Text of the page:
Interviewing Peter Milligan, Part 2: Balancing Dark Humour And Horror Effortlessly In Kid Lobotomy

by Olly MacNamee

With the first story arc of Kid Lobotomy wrapping up this week, it was as good an opportunity as any to catch up with Peter Milligan, after our recent discussion on his work on Marvel’s Legion, and pin him down on a few questions I had regarding his inspirations from Kafka to Shakespeare, working with Shelley Bond again, and everything in between.
Olly MacNamee: Was Kid Lobotomy an idea that sprung out of the formation of Black Crown (as it’s such a great fit), or otherwise?
Peter Milligan: Not exactly. Except that Black Crown is Shelly Bond’s baby and it was an email from Shelly (or rather the title of an email  “Hey, lobotomy”) that started my thought processes that led me to Kid Lobotomy.
OM: Now, there are clear references to the life and works of Kafka, from Ottla the chambermaid, to the shade of The Metamorphosis and more. This is clearly more than a passing reference, but feels like it’s at the heart of the story, influencing it, informing it, moulding it? 
PM: In a way, yeah. It goes without saying that I’m very interested in Kafka’s work. In particular Metamorphosis, which more than ever seems to say something deep and true about modern man. Metamorphosis, change, becoming something other than strictly human, is at the heart of Kid Lobotomy. And Ottla the chambermaid is named after Kafka’s favorite sister. I like to think that Greta Samsa – Gregor’s sister in Metamorphosis – is at least partly based on her:  it’s Greta who more than anyone tries to reach out to Gregor after he’s been turned into the hideous creature. The real Ottla had a tragic ending, killed in a Nazi concentration camp. Knowing what happened to the woman whom she was named after always gave me a vague sense of melancholy when writing scenes with our chambermaid Ottla. I think it helped to give her the depth that she has.

OM: There are other literary influences at work here too. Do I sense, for example, in The Suites a kindred spirit to the The Beat Hotel in Paris, frequented by an other of life’s marvelous odd-bods, William Burroughs? King Lear is a more obvious one, methinks.
PM: To start with, Lear. I liked the idea of a family where the father is a King Lear-obsessive and the son is obsessed about Kafka and Metamorphosis. On the face of it, very different stories but with some similarities, both Gregor Samsa and King Lear eventually find themselves alone with their conditions (beetle and mad respectively). I wasn’t specifically thinking about the Beat hotel, I liked the idea of the hotel representing Kid’s psychological state and his memories. One of the reasons I name-checked William Burroughs so early was so there’d be no confusion between Kid Lobotomy and Burroughs’ The Lobotomy Kid, who was an entirely different kind of creation.
OM: Tess Fowler, your partner in crime, seems to be doing some of the best work of her career on this book. How much input does she have in the visual realisation of your ideas?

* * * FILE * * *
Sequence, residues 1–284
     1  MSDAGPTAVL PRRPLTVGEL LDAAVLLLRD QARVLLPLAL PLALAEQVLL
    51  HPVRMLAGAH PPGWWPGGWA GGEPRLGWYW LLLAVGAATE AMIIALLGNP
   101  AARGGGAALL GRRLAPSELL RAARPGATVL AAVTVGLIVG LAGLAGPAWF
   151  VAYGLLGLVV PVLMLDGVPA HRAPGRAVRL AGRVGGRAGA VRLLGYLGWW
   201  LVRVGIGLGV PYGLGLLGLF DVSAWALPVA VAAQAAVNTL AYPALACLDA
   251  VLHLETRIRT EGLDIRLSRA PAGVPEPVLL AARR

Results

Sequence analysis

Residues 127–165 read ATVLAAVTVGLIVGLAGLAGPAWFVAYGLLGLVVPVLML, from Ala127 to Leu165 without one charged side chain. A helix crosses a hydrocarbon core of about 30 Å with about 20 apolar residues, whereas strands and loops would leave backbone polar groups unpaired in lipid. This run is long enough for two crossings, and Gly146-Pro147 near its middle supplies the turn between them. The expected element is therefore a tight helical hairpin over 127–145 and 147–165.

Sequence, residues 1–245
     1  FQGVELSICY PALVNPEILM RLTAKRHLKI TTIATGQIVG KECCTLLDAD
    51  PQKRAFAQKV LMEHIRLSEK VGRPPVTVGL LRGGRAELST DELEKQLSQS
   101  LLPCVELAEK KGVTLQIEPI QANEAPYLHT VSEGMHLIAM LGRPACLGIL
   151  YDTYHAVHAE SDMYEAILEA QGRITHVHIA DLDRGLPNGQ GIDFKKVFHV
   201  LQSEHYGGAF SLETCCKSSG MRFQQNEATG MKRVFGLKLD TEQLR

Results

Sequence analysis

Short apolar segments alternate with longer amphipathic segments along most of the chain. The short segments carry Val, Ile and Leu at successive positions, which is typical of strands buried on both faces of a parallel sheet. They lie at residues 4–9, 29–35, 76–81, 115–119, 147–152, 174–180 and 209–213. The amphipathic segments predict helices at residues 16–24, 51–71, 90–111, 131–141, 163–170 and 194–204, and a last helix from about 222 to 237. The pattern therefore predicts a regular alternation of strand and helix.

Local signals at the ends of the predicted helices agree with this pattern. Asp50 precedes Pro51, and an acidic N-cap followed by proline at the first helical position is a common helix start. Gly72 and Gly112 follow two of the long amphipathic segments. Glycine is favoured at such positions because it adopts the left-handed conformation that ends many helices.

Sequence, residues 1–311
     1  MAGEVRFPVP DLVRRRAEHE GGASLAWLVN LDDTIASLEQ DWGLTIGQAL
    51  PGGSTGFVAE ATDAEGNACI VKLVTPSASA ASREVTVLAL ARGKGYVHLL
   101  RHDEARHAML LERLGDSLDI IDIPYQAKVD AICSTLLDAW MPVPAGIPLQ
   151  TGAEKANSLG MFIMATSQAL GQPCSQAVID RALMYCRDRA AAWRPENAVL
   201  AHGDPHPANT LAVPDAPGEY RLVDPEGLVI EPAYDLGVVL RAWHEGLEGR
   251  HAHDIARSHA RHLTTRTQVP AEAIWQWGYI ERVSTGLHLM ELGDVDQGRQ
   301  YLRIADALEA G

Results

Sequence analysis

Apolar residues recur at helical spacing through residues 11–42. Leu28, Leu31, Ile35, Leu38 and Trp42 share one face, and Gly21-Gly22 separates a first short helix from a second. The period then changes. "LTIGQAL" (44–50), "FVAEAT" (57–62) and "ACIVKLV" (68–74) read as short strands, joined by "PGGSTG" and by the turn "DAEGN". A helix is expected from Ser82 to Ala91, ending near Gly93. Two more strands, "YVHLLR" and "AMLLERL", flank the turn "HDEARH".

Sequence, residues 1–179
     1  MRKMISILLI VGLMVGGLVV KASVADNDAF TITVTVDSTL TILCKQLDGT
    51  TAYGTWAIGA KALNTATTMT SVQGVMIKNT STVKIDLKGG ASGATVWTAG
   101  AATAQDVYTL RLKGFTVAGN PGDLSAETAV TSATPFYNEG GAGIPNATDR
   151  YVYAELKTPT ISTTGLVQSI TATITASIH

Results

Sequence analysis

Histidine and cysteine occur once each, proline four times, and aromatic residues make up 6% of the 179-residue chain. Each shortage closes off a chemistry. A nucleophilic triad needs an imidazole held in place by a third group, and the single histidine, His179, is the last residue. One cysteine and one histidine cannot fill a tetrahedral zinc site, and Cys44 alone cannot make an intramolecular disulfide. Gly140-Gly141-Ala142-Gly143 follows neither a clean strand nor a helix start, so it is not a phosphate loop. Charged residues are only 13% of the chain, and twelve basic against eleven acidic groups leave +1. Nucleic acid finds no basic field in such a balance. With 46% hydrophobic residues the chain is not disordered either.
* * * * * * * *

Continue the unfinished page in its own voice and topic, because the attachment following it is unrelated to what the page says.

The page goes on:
PM: It’s really been a joint venture. We’ve discussed what characters and scenarios should look like, it’s been a very good and interesting creative process. Sometimes Tess’ ideas of what someone might look like have surprised me – Kid’s sister Rosebud for instance – and that’s been great.

OM: I loved the issue which focussed on Ottla and her ‘secret origin’ story. I especially loved your dark sense of humour when revealing the real reason Big Daddy shows a seedy interest in her. How do you manage to balance this humour with the horror of The Suites? Does it help that the humour is so dark, or is it just good drugs?
PM: It certainly isn’t good (or bad) drugs, unless you include the anticonvulsant medication I take to keep my epilepsy at bay. Getting the balance of dark humour and horror right is a tricky business and there’s no model or set of rules you can follow; I think it’s probably just feel and judgment, which of course can sometimes go awry. With the Ottla episode of Kid Lobotomy, I wanted Big Daddy to be using his power to prey on Ottla but I didn’t want it to be about sex:  it seemed to me that that’s such an obvious,  over real and painful area it wouldn’t sit comfortably alongside the surreal humour of the comic. So Big Daddy’s King Lear/Cordelia fantasies are a metaphor for other forms of control and abuse while at the same time playing in the same “key of craziness” as the rest of the comic. A long-winded answer, but there you are.
OM: And, finally, what’s the bigger picture for Kid in this magically realistic book? Kid certainly has his enemies, very close to home too. It feels all a big Geek Tragedy and I certainly hope it isn’t. You’re wrapping up your first story arc with this next issue. What next?
PM: That’s a hard one to answer. We’ll let the dust settle on the first series and then stick our finger in the air and see which way the mixed metaphor’s blowing.
OM: Pete, once again, thanks for your time and all the best for the year ahead. I believe The Prisoner will be one of your next projects?
PM: Yeah, The Prisoner comes out soon. I’m also writing another Britannia for Valiant which comes out later this year. Some other things too which I can’t quite talk about yet…

Kid Lobotomy #5 lands in comic shops this Wednesday, March 21st, 2018, from Black Crown at IDW.

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